You should plan to give this breed at least two good exercise sessions each day. The saying goes, “A tired dog is a happy dog” and this is absolutely true for a pointer—but achieving the tired state will take more than a quick walk around the block. The more time you can spend mentally and physically challenging your GSP, the happier he will be.
Since these dogs were bred to be people-oriented, they have a strong desire to please you. Cultivate and develop this tendency through early and ongoing obedience training. You’ll have an attentive, well-behaved dog and your GSP will better understand what you expect of him.
The happy and sometimes goofy GSP is a great dog breed for kids, but keep in mind that these canines may be too rambunctious for some small children. If you’re bringing a German shorthaired puppy into the family, it may be a better choice when the children are older and less prone to being knocked around by a bouncy adolescent GSP.
These dogs generally get along well other breeds. They do have a prey drive that might lure them into chasing cats or other small pets, so that is a factor to consider if you have small animals. And while the GSP is generally obedient and can be easily recalled, prey drive can cloud your dog’s thinking and might lead him on a wild chase. Use caution if you choose to exercise your dog off leash.
The coat is coarse and relatively thick but short in length. A German shorthaired pointer can either be solid liver in color or liver with white ticking. Grooming for a GSP is easy and typically only requires a quick wipe with a grooming mitt and maybe an occasional bath—especially if your dog finds an odor he decides to roll in. However, be prepared for steady shedding. The small hairs of the GSP are frequently found on your furniture, floors, and clothes.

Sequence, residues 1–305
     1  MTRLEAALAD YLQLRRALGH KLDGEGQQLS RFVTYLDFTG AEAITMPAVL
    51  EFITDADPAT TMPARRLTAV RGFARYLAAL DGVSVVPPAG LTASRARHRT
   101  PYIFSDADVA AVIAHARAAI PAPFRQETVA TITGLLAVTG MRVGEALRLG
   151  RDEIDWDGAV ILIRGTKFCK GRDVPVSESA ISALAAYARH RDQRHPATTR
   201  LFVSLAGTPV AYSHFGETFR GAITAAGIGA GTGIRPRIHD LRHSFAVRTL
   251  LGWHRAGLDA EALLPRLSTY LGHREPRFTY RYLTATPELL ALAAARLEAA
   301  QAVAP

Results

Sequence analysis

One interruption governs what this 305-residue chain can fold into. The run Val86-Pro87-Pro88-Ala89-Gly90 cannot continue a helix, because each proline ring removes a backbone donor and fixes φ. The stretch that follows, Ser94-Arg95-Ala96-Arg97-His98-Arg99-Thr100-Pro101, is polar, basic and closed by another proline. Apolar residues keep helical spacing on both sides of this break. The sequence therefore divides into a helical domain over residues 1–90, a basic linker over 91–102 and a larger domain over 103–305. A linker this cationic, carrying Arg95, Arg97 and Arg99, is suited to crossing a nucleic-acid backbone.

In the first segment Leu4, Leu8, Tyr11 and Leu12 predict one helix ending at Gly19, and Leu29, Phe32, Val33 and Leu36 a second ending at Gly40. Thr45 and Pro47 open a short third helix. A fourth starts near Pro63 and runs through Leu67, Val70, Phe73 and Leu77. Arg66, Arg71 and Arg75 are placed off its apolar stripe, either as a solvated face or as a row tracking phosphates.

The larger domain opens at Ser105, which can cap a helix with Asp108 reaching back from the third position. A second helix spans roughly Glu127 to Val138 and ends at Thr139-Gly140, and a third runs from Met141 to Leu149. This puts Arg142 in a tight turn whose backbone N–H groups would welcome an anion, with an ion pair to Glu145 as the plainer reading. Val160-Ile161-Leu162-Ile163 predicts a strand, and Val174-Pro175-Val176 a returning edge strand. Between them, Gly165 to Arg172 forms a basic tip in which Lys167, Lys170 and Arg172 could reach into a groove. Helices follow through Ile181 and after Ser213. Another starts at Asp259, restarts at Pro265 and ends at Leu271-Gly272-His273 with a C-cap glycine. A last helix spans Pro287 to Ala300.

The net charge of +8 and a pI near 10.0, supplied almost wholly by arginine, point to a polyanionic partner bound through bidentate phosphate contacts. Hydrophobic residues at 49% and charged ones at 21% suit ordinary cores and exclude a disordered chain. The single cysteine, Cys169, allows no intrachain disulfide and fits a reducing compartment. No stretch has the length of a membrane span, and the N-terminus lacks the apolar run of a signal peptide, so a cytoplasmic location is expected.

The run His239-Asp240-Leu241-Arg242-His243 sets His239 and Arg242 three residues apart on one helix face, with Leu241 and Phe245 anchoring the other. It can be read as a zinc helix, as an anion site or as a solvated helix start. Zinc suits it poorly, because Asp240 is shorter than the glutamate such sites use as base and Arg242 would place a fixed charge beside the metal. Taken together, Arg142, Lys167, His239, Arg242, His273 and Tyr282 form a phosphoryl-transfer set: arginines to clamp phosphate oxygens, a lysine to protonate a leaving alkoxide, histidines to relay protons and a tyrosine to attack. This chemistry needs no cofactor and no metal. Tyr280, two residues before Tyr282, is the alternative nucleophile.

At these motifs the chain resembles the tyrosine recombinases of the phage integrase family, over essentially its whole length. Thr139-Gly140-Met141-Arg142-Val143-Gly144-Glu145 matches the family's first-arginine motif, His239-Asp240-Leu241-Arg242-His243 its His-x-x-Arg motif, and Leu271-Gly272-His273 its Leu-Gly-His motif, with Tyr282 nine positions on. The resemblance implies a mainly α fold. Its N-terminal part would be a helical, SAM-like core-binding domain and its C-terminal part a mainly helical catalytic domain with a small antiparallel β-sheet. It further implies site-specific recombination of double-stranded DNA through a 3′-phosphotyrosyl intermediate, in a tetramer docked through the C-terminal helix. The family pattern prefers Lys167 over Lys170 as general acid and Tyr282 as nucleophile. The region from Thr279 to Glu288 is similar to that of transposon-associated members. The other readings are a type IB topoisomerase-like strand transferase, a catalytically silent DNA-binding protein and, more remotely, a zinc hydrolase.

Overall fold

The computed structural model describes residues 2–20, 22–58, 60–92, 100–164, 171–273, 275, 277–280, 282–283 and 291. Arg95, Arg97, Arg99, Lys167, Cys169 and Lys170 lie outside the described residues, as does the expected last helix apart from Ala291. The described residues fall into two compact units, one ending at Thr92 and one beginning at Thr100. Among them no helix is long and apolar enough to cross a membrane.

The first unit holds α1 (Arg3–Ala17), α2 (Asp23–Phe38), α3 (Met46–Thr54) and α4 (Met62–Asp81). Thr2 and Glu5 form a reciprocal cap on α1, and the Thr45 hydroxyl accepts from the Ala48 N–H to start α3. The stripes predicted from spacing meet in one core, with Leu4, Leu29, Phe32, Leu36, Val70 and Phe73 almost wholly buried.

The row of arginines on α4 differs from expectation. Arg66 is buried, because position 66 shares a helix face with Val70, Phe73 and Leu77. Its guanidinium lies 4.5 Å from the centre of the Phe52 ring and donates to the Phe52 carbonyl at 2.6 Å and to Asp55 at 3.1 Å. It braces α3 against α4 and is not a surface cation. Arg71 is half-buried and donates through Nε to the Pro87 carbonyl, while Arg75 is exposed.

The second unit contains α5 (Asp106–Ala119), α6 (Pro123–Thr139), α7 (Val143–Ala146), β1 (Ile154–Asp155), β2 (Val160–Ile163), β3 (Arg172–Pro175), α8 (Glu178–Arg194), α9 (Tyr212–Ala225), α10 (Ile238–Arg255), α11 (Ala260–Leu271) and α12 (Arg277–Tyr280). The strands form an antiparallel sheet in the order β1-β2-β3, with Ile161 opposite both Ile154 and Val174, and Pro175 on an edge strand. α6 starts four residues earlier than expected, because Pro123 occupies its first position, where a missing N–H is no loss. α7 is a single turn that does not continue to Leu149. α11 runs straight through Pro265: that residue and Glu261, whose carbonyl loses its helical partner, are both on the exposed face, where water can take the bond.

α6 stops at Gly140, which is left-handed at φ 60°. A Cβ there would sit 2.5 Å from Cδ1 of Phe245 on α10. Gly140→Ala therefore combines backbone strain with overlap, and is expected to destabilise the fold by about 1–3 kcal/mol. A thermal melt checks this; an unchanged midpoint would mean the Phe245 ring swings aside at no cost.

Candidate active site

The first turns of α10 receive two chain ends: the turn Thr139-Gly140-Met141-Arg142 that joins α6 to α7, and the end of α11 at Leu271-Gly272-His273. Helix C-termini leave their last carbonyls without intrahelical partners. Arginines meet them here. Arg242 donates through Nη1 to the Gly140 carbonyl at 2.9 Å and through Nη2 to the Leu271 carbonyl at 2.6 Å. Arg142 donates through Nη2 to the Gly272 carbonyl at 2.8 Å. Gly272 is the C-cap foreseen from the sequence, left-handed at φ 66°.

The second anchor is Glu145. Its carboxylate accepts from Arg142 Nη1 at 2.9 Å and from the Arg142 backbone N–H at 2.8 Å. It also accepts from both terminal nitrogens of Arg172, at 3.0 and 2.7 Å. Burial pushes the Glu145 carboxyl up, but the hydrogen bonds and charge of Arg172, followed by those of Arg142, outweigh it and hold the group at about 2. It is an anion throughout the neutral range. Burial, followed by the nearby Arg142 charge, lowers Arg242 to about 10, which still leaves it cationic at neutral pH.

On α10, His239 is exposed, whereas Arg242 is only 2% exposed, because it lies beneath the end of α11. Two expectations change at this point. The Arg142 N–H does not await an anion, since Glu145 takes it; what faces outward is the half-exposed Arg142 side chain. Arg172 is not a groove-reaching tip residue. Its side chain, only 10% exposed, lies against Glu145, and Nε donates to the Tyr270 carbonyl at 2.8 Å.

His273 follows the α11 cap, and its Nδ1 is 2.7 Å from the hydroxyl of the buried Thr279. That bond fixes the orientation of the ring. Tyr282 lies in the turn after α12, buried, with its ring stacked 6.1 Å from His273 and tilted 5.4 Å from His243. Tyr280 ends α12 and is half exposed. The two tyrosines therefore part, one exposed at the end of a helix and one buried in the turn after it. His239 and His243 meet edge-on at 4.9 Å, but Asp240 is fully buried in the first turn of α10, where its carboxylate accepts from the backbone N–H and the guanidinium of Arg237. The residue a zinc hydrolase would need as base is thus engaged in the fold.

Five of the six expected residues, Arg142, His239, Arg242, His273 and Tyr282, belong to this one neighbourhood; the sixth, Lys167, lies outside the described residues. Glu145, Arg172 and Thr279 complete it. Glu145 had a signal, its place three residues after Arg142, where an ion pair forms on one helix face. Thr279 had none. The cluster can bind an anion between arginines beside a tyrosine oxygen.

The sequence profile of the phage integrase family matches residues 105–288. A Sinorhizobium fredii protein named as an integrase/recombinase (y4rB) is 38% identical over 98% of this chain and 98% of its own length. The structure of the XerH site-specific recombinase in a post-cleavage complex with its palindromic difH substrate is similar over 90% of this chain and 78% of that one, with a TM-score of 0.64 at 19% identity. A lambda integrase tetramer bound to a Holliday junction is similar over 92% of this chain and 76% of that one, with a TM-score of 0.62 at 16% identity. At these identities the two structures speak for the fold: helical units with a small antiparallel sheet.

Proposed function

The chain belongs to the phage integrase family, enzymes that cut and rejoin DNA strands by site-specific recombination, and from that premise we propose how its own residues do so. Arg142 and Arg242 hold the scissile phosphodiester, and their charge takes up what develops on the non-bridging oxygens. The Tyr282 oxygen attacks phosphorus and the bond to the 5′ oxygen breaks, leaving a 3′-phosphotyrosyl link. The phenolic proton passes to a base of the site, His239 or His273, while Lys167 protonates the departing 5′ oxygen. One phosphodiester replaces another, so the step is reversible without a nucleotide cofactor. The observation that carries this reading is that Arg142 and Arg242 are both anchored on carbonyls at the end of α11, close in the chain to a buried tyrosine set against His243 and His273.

Common Health Problems
Likely due to its genetically diverse background, the GSP is a relatively hearty dog breed. These dogs are not often plagued with health problems, though their active nature may make them susceptible to injury. However, there are some health problems that sometimes arise with German shorthaired pointers. Conditions most often seen in the breed include:
- Hip and Elbow Dysplasia
- Cancer; including canine hemangiosarcoma
- Addison’s disease
- Progressive renal atrophy
Some pointer's are also affected by Lyme disease. While it's not an inherited condition, the outdoorsy lifestyle of the GSP increases the chances of being bitten by a tick that carries the disease. Make sure that you have your dog on a flea and tick regiment to prevent the disease.
Diet and Nutrition
The German shorthaired pointer knows how to work up an appetite! This active dog breed won’t need much persuasion to eat a meal—but make sure it’s a quality, high-protein dog food that will meet your GSP’s nutritional needs.
To maintain athleticism and for a long, healthy life, be sure not to overfeed this breed and give treats in moderation. Also be aware that pointer’s are sometimes affected by bloat. So discourage your dog from gulping down his meal and try to minimize running and high-intensity activity immediately after mealtimes.
Friendly and affectionate
Eager to please
May have strong prey drive
Sheds a considerable amount
Where to Adopt or Buy a German Shorthaired Pointer
Hunting for a GSP of your own? Start your search with rescue organizations that might exist in your area or region. This lovable breed sometimes proves to be too active for some individuals or families, but might be just right for you!
If you’re searching for a German shorthaired pointer breeder, do your research. While this dog’s popularity means that it’s not tough to find a breeder, the important thing is to find a responsible GSP breeder. Ask to meet one or both parents of the litter and check whether or not the breeder has clear test results for hips, elbows, and eyes.
Start your search with these rescue groups and breed organizations:
- National German Shorthaired Pointer Rescue
- German Shorthaired Pointer Club of America Breeder Listing
- American Kennel Club Breeder Listing
More Dog Breeds and Further Research
The key to a happy life with a GSP is to understand the commitment before you bring your four-legged friend home. Like all dogs, pointers need training, time, and proper care. However, they also require a lot of exercise. Be sure to do your research and set appropriate expectations for the fun and work that come with such a dynamic sporting dog!
Here are a few other sporting breeds to check out: